With the text complete and the photos finished, Ace on the River was ready for the editing process. As I mentioned in Part One, I wasn’t impressed by any of the poker books I’d read while I was shopping Ace on the River to publishers; most of them were edited by people who clearly didn’t understand poker vernacular. Not wanting my manuscript to succumb to that ugly fate, I decided to tap into my own resources.
I come from a pretty well-educated family. My father has written books and both my sisters are professors. Editing the book turned into a really big family project, so much so that my father, 90 years old at the time, probably pulled ten all-nighters working on the manuscript, painstakingly examining sentences and wording. I was afraid I was going to kill him! It was hard work, but the editing process actually turned out to be fun and it was really enjoyable to have my family involved.
From start to finish, it took me two years to write Ace on the River. It was the beginning of the poker boom and I was playing as much as I could, but in order to finish the book, I had to take time off every once in a while. This was also by far the highest-earning period of my poker career; at the time I was making several million dollars a year and I estimate the missed playing time cost me easily more than a million in income. As the editing process wrapped up and the printing process began, I sought out the best color publisher in the United States to make the book and selected high-quality paper for printing. The production cost was pretty steep—almost $5 a book—and I ordered a run of 100,000 copies. All told, I paid about $500,000 out of my own pocket to have the book printed. It was an expensive undertaking, but Ace on the River was very well received. The first week it was available for purchase on Amazon, Ace on the River cracked the top 20 of all books sold on the site. That week, it passed The Da Vinci Code but was still behind the Harry Potter books.
When I got my first checks from Amazon, they were for six-figure amounts. However, instead of holding on to the money, I decided I was going to do things a little differently. I took everything from those first few checks (about $300,000) and re-invested it in advertising for the book. I took out a half-page color ad in the sports section in USA Today in addition to ads in both mainstream and poker publications.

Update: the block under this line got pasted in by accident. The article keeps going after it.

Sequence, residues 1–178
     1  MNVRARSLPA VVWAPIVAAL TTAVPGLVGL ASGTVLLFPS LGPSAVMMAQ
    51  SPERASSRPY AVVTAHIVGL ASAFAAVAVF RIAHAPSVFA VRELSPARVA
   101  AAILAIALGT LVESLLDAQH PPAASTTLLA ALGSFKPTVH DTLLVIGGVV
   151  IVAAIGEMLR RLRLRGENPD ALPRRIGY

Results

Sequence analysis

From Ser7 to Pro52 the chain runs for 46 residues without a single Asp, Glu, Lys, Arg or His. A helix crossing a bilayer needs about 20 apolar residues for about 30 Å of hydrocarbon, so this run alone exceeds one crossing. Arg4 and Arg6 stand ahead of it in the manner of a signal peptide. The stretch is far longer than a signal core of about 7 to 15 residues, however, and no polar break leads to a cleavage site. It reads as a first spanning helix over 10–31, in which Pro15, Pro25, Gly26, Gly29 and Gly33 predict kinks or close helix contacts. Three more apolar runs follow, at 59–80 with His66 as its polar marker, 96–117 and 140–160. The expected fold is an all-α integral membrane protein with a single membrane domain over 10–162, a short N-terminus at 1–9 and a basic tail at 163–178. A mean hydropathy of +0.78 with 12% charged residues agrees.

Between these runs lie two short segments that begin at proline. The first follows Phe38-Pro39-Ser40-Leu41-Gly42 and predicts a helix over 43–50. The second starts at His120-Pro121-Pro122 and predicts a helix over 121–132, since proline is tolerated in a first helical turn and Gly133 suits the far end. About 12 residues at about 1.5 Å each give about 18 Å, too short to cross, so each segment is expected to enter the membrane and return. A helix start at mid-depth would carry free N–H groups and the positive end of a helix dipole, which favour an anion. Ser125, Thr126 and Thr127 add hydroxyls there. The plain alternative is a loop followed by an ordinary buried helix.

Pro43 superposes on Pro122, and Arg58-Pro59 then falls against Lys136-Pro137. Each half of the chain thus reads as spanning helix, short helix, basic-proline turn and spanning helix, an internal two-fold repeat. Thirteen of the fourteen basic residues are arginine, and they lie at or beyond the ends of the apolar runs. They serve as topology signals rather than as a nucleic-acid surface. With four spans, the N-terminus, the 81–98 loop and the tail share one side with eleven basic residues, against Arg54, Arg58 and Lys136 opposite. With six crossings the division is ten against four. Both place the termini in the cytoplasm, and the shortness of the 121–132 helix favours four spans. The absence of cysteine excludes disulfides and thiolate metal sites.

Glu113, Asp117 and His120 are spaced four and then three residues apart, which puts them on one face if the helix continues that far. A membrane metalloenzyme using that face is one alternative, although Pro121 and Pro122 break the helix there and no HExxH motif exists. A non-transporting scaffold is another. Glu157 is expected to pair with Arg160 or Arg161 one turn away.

After the initial burst of the first six months, sales slowed down. The way I had it arranged with the publisher, I expected to get a royalty check every month or two, but it had been about six months since I received a check. It surprised me, so I contacted Charles Kaine to try and find out what was going on. Charles dodged my calls for months, never responding to any of my messages. It was getting ridiculous, because I knew the book was still selling well. Finally, I left a message informing Charles I would have to involve the police since he wouldn’t answer my calls and I wasn’t receiving my money.
A few days later, Charles admitted in an email that he had embezzled the money that was coming in. My book was by far the biggest title he had ever been involved with and when the money started rolling in, he “borrowed” it to invest in his own project—a bookstore or something of the sort. Charles thought his business would do really well and he’d be able to pay the money back quickly, but of course things didn’t go that way. The business failed, Charles blew through all my money, and he had no way to pay me back.
I would always laugh when I was accused of trying to take advantage of the poker boom and make a quick buck with my book when the experience was actually the exact opposite. But despite the sour ending I had with my publisher, I got a lot of intrinsic value from writing Ace on the River and I still look at it as a rewarding experience. I believe we all have a book in us and I was fortunate to be able to write mine.
In Part Three, I’ll tell you the real story behind how I ended up giving away over 250 copies of my book to players who knocked me out of live tournaments.